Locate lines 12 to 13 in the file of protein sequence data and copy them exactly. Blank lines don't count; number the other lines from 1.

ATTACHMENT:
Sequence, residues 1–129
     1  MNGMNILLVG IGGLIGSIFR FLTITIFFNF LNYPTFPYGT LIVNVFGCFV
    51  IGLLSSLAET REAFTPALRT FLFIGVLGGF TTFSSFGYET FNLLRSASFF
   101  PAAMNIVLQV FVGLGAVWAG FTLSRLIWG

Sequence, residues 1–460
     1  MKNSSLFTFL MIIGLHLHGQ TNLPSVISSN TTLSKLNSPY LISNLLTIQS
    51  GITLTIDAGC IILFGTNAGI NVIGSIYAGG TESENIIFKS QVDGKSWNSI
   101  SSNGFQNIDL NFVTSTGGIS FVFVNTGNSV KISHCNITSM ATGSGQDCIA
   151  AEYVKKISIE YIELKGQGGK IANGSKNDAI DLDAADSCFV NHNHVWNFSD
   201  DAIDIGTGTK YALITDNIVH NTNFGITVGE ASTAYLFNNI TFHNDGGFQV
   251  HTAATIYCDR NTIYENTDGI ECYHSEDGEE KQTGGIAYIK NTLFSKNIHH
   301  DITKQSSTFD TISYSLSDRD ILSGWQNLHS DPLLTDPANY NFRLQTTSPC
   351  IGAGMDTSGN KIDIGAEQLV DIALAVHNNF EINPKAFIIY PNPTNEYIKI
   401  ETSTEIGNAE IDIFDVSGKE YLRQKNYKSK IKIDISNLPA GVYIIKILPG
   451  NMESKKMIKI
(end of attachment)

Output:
   301  DITKQSSTFD TISYSLSDRD ILSGWQNLHS DPLLTDPANY NFRLQTTSPC
   351  IGAGMDTSGN KIDIGAEQLV DIALAVHNNF EINPKAFIIY PNPTNEYIKI